NEW YORK (GenomeWeb News) – In a study appearing online today in Science Translational Medicine, researchers described how they used whole-genome sequencing to improve diagnosis and treatment for a pair of non-identical twins with a condition called dopa-responsive dystonia (DRD).
The twins, one male and one female, had been diagnosed with the movement disorder, which involves involuntary muscle contractions and spasms, several years earlier and were already being treated with L-dopa, a pre-cursor in the production of the neurotransmitter dopamine. But the newly generated genome information showed that the twins had also inherited mutations in the sepiapterin reductase gene SPR, which codes for a co-factor in a pathway used to produce dopamine as well as another neurotransmitter, serotonin.
The mutations seemed to explain some symptoms that persisted in the twin even with L-dopa treatment — a recognition that prompted doctors to supplement their L-dopa treatment with a serotonin pre-cursor called 5-hydroxytryptophan (5-HTP).
"This work is a pivotal example of how genomics will revolutionize medicine by improving diagnostics and ultimately helping physicians optimize care for their patients," lead author Matthew Bainbridge, who was a graduate student in Richard Gibbs' Baylor College of Medicine lab when the study was conducted, said in a statement.
Although they do not carry mutations in two genes that are typically tested for mutations in DRD, L-dopa treatment had been used to ease many of the 14-year-old twins' DRD symptoms. Relatively recently, though, one of the twins began experiencing more pronounced respiratory problems.
Because DRD can stem from a range of known and unknown genetic glitches, the research team — which included BCM geneticist James Lupski, whose own genome sequence helped track down mutations behind his Charcot-Marie-Tooth disease — decided to do whole-genome sequencing on the twin pair.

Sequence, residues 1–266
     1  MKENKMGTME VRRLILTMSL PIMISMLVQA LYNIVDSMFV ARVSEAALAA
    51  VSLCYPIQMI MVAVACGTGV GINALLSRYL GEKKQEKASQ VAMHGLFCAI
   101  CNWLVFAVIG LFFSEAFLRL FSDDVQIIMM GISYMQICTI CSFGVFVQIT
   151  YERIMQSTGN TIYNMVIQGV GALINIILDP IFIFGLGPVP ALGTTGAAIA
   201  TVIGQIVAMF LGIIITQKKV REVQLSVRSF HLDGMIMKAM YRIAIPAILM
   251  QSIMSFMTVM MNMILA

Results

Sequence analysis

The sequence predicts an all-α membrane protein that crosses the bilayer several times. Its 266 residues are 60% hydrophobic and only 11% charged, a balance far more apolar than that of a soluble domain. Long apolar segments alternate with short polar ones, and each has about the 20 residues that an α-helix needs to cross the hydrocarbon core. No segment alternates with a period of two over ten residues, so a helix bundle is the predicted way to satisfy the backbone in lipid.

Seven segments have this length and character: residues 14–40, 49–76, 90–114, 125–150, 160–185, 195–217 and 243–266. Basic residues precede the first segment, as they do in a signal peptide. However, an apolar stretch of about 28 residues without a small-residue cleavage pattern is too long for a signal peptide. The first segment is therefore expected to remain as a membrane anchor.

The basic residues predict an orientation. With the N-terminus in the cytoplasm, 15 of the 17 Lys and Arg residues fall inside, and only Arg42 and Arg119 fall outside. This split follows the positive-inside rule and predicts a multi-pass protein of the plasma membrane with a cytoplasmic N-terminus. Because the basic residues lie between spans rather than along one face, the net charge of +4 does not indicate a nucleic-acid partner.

Using the SOLiD 4 sequencing platform, they sequenced the twins' genomes to 29 and 30 times coverage. They also used Agilent 1M oligonucleotide arrays to look for copy number alterations by high resolution oligonucleotide array comparative genomic hybridization in the twins and sex-matched controls.
In addition, researchers obtained DNA samples from the other members of the family, including the twins' unaffected brother, mother, and father, Life Technologies Chief Information Officer Joseph Beery.
After comparing the twins' genome sequences to the human reference genome and tossing out apparently harmless genetic variants found in the dbSNP, 1000 Genomes Project, and other databases, the researchers were left with potential disease-related mutations in three genes, including SPR, which has been linked to DRD in the Mendelian Inheritance in Man disease database.
When the team scrutinized the mutated region of the gene in the twins' family members, they found that the children's mother has nonsense mutation in SPR that leads to a truncated version of the resulting protein while their father carries a missense mutation that changes its amino acid sequence.
Together, findings from the genome sequences and follow-up experiments showed that the twins had inherited both mutant alleles, while their unaffected sibling had inherited neither mutation.
Because SPR mutations curb the production of a co-factor used by enzymes involved in dopamine and serotonin production, the researchers explained, DRD patients with disruptions in the gene are typically treated with both dopamine and serotonin pre-cursors.
Indeed, when the twins' doctor tweaked their treatment to include the serotonin pre-cursor 5-HTP, both showed improvements in their DRD symptoms.
"The involvement of SPR was unexpected in the twin pair given their clinical symptoms including the lack of intellectual disability, their sustained response to monotherapy with L-dopa, and a family history of neurological disorders that complicated the interpretation of the potential inheritance pattern," the study authors wrote.
"Our observations highlight both the challenge of clinical phenotyping for rare diseases by non-specialists, and the ability of whole-genome sequencing to identify susceptibility variants," they added, "especially when initial candidate genes have been eliminated by more traditional locus-specific gene testing."